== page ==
5 p.m. - Dosh - 331 Club
Martin Dosh made an impression on the crowd before he even played a note, as his massive gear set up around a spare drum kit looked like he could land the Space Shuttle if those were his intentions. But after testing out his levels with Janet Jackson's "Nasty," Dosh settled in to his enthralling one-man show that adventurously pushed sonic boundaries. His musical alchemy crafted an experimental mix of beats, keys, live drums, and random flourishes that arrived out of the ether. It was a joy to hear him deconstruct his own sound just when it hit a pleasing groove, taking it apart while sending the material in an entirely new direction.
6 p.m. - BNLX - 331 Club
BNLX (joined by the Current's Jim McGuinn on guitar throughout the entire set) delivered a fiery and focused set. The sound was immense, and the band were clearly in great spirits, surely encouraged by the large local crowd that turned out. It was one of the better performances I've seen from the band, as an incendiary version of "Burn the Boats" was awash in a wall of guitars and massive beats. But it was their raucous cover of PJ Harvey's "This Is Love" that really made the set special, and closed down their blistering performance on an absolute high.
7 p.m. - The Cactus Blossoms - The Anchor Fish & Chips
The alt-country sounds of the Cactus Blossoms proved to be the perfect soundtrack to
twilight slowly settling in over the city. While the talkative, well-lubricated crowd took away some of the luster of the band's refined charms, there was no denying that their countrified numbers brought a delicate elegance to the early evening hour. Their well chosen cover of Hank Williams's classic "Your Cheatin' Heart" sounded so lovely as the sun was setting, and really formed a perfect snapshot of why I love this city so damn much. Plus, the Cactus Blossoms were playing immediately before Marijuana Deathsquads, which you will likely never see again. It was the most disparate shift in musical styles from one band to the next that I've witnessed, and reinforced the musical appeal of the entire day.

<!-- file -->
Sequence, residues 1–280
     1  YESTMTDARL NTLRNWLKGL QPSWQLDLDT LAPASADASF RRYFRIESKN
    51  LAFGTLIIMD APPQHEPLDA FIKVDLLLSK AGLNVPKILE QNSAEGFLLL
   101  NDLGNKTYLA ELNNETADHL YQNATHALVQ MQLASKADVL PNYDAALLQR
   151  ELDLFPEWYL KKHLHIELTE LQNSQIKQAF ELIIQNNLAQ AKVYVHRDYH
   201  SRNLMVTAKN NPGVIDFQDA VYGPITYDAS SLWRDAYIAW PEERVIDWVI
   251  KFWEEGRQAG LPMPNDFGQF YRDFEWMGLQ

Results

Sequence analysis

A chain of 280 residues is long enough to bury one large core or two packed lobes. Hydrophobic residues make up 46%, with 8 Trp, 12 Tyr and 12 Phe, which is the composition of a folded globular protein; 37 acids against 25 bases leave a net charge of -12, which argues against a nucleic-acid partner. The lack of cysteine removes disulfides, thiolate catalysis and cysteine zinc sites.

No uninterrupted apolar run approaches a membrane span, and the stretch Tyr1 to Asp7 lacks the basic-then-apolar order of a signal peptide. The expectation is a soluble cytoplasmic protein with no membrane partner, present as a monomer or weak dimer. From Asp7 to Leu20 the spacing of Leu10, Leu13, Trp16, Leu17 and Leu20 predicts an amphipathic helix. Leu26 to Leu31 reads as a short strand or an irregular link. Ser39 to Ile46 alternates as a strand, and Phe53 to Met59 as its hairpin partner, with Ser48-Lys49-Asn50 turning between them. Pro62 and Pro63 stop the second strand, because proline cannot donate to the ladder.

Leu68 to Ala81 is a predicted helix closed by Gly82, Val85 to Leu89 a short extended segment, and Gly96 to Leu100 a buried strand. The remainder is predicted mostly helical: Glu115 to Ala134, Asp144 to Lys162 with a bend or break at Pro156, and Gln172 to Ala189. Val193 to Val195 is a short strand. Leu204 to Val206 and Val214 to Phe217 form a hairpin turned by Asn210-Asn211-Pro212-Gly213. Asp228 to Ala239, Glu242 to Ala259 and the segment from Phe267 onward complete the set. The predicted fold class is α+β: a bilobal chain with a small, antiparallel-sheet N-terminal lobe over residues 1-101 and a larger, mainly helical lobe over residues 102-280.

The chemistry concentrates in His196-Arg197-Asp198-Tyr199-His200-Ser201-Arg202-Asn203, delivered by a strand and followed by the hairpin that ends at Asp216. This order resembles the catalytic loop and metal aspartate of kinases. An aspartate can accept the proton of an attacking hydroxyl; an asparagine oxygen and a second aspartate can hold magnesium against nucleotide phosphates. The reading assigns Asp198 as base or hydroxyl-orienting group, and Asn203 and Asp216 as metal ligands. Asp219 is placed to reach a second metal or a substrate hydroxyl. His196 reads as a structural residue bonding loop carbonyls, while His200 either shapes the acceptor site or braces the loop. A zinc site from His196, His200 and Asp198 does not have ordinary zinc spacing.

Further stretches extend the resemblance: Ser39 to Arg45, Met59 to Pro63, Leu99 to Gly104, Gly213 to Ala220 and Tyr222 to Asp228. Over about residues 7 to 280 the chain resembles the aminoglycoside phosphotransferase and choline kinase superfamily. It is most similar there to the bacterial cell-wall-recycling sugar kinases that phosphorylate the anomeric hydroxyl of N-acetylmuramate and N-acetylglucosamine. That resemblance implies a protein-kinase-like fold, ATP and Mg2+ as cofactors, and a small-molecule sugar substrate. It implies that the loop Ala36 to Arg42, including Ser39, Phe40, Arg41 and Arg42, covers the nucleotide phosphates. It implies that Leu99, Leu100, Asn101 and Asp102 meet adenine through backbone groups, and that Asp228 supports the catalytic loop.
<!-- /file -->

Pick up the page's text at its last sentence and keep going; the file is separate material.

8 p.m. - Marijuana Deathsquads - The Anchor Fish & Chips
This was going to be a special gig no matter what, since P.O.S. was joining the madcap Deathsquads crew for his first gig since his kidney transplant. In addition to the usual sonic suspects (Ryan Olson, Isaac Gale, and the potent dual-drum attack of Drew Christopherson and Ben Ivascu), MDS' lineup was rounded out by Stef, Mark McGee, Spyder Baybie Raw Dawg, and Channy Leaneagh. And while it took the group a while to get their sound and mic situation sorted, once they got into their set the show caught fire immediately. It turns out that MDS are the perfect festival band, and the talented crew brought an untamed, wildly experimental edge to the day. While the vocals never really did get set loud enough, the feral drums, rhythms, and electronic textures were more than enough to create a cacophonous, radical sound that brought my Art-A-Whirl to an emphatic end.